In this week’s weirdness…

The HK Police bring in Howard the Not Very Convincing Kim Jong-un Lookalike for possession of a gun that isn’t a gun and which he says he doesn’t have anyway – but since when did something have to exist to be a national security threat?

China imposes sanctions on the likes of John Bolton, who is chuffed. US sanctions on Chinese/Hong Kong ‘elites’ hurt because such people like to move their assets and families to the US. It doesn’t work the other way round. (See also the SCMP’s Letter of the Week.)

And then there’s this…  

HK’s Curriculum Development Council named a committee “Committee on the renamed subject” to rename the subject of liberal studies as the Education Bureau decided to rename the subject but hasn’t come up with a new name.

Surely that should be ‘yet to be renamed’? There’s Orwellian, and there’s Kafkaesque, and there’s Hong Kong bureaucracy in the age of NatSec. How about ‘illiberal studies’? 

On the subject of education, Harrow International School – the publicly subsidized (via land grant) ‘non-profit’ college for rich Mainlanders’ kids – has paid HK$240 million in fees to a company owned by some of its own board members. I know of a case whereby a British private school essentially franchises its name to a local campus via a company that provides ‘consulting/management services’. Presumably, this is something along those lines. A nice deal for the people who own the go-between. (And presumably legitimate – surely the Hong Kong officials didn’t imagine brand-name English boarding schools would whore themselves out for free?)

Some reading you might have missed…

In HKFP, the collision between the NatSec Law and the Common Law systems.

From the FFC’s Correspondent, can RTHK survive? The amazing thing is that the public broadcaster has still barely been rectified. The transition to propaganda outlet has barely begun. As if it has some sort of magic force field protecting it from Leninist ‘serve-the-Party’ duties.

A translation of Mainland academic Chen Duanhong’s National Constitution Day speech. David Ownby’s introduction is worth reading, even if you can’t put up with the Schmittian BS of the speech itself.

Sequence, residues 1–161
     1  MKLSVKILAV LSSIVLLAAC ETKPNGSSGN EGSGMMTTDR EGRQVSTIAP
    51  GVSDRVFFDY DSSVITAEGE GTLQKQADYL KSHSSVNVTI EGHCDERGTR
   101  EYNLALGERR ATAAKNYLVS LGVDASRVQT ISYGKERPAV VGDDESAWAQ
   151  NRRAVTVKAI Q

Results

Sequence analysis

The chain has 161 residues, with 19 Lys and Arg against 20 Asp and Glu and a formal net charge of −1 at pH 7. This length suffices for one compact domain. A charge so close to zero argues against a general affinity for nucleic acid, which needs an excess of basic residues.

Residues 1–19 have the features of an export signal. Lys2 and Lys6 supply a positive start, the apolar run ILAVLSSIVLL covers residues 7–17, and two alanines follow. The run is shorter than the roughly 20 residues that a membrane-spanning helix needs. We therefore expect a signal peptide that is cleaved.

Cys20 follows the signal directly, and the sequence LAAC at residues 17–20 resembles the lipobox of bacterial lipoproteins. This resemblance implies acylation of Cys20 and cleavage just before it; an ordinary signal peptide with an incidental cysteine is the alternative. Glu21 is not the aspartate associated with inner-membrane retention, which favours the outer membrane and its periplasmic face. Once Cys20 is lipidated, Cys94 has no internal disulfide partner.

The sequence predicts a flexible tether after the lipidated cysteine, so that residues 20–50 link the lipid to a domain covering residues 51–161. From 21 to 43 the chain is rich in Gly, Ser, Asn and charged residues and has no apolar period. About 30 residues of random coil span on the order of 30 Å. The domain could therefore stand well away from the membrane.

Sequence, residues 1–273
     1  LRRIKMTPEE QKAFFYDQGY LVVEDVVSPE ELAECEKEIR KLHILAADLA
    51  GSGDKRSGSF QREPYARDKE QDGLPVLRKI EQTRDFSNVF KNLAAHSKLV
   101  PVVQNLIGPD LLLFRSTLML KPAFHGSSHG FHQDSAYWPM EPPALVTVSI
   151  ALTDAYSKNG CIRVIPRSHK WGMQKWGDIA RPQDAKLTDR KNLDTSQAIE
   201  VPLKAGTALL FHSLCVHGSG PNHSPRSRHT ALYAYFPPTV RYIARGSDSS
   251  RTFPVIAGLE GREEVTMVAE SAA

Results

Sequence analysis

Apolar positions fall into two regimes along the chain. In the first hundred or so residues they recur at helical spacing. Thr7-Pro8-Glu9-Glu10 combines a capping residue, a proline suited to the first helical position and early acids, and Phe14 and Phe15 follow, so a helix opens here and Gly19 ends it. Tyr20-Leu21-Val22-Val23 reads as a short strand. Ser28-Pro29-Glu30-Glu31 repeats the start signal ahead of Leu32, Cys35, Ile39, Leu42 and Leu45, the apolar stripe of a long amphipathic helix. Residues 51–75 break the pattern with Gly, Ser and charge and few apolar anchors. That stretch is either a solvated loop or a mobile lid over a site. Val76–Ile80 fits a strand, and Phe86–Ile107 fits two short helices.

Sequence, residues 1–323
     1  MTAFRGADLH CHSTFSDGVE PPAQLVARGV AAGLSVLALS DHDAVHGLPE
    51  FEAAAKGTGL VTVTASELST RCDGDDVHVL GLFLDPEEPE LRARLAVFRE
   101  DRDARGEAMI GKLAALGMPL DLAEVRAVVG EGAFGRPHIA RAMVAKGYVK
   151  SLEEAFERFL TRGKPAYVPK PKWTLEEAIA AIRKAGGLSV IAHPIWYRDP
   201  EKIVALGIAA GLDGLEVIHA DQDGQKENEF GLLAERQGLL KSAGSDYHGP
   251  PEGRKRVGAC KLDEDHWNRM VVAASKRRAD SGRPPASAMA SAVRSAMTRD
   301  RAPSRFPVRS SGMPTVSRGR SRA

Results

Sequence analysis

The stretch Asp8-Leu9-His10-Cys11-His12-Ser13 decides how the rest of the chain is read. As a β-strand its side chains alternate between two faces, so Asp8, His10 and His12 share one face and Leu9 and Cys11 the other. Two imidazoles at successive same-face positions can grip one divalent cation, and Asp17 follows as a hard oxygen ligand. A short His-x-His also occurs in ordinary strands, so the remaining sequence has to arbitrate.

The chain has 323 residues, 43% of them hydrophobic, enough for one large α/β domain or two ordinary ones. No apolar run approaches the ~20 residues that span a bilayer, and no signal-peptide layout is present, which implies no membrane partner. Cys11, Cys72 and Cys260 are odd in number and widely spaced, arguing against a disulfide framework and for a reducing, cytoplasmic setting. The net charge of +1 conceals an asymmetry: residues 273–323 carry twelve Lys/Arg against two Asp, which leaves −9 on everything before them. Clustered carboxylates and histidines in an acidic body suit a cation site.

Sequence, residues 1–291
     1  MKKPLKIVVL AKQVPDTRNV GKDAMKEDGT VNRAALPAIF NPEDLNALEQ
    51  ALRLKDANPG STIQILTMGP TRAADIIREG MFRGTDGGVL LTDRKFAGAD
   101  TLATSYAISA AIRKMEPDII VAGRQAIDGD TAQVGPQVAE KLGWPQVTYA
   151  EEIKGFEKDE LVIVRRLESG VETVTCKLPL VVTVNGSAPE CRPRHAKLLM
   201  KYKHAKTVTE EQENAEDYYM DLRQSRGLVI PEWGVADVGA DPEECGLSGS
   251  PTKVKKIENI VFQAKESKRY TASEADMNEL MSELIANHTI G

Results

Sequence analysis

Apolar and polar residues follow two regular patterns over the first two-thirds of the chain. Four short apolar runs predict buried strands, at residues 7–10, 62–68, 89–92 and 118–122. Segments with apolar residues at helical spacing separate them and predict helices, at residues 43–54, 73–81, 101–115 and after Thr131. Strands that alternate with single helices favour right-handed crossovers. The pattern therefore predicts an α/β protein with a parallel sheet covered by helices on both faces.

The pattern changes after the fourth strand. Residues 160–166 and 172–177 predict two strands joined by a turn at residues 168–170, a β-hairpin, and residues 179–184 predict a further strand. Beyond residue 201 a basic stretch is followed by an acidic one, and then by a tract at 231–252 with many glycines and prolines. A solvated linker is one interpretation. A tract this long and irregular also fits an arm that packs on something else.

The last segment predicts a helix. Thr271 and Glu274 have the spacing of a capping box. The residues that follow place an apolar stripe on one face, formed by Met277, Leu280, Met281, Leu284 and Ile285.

A Bloomberg op-ed urges Beijing to tone down its ‘wolf warrior’ diplomacy. Who will dare tell Xi Jinping to get over his delusional ego-trip? (Anyway, the soft-power obnoxiousness will help dissuade Biden from lapsing into Obama-era Panda-indulgence.)

Perry Link on why so many Chinese dissidents and other anti-CCP folk have (had?) a soft spot for Donald Trump.

(And with all that in mind, Taiwan’s ambassador was invited to Joe Biden’s inauguration.)

Not sure about the book, but this review of a ‘Hong Kong expat novel’ is pretty good.

He is the everyman who was here at that time saying what everybody like him said.

Global Times gets stroppy about how kimchi is really just the same as paocai, sort of, in some ways. (As an artisanal craftsman of both, I would say GT is half-right, but since they’re making soft-power obnoxiousness out of it, I’ll let them stew in their own brine. Luckily, no-one’s told them about sauerkraut.)

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4 Responses to In this week’s weirdness…

  1. Mary Melville says:

    International schools like Harrow are property developments in thin disguise. Check out the board members.
    Peter Lee of Henderson Land, Kerry and, the cherry on the cake, Heung Yee Kuk/ExCo Kenneth Lau is Chairman. Another member is Johnny Mok of Des Voeux Chambers, ex home of our Sec for InJustice., who always represents the government or developers challenging the administration..
    In other words a cabal well versed in how to exploit public resources and loopholes and guaranteed cover up by departments that should be scrutinizing them and ensuring that, at the very least, the lease conditions related to the provision of assisted places for grassroots be realized.
    Other schools developed in recent years share a similar formula.

  2. Bullockscart says:

    My “through the grapevine” messengers may be akimbo but I seem to remember that a local private international school that teaches a mandarin curriculum to its elite family students also does something of the leasing ‘ land lease thing that Harrow International is doing. They apparently do this in Hong Kong and in their mainland digs in a province north of Hong Kong. Though this is all allegedly, because I was not able to confirm or seek a denial from anyone in the know. I don’t make enough money and I am infertile and therefore have no progeny at the said glorious institution.

  3. Penny says:

    If RTHK gets fully rectified, the majority of HK people will probably abandon the news outlet/station completely. I abandoned woeful RTHK Radio 3 years ago and instead tune in regularly to BBC World Service via an internet radio receiver. The online news roundup at is still worth checking regularly though.

  4. where's my jet plane says:

    How about ‘illiberal studies’?
    Or, simply, Lies?

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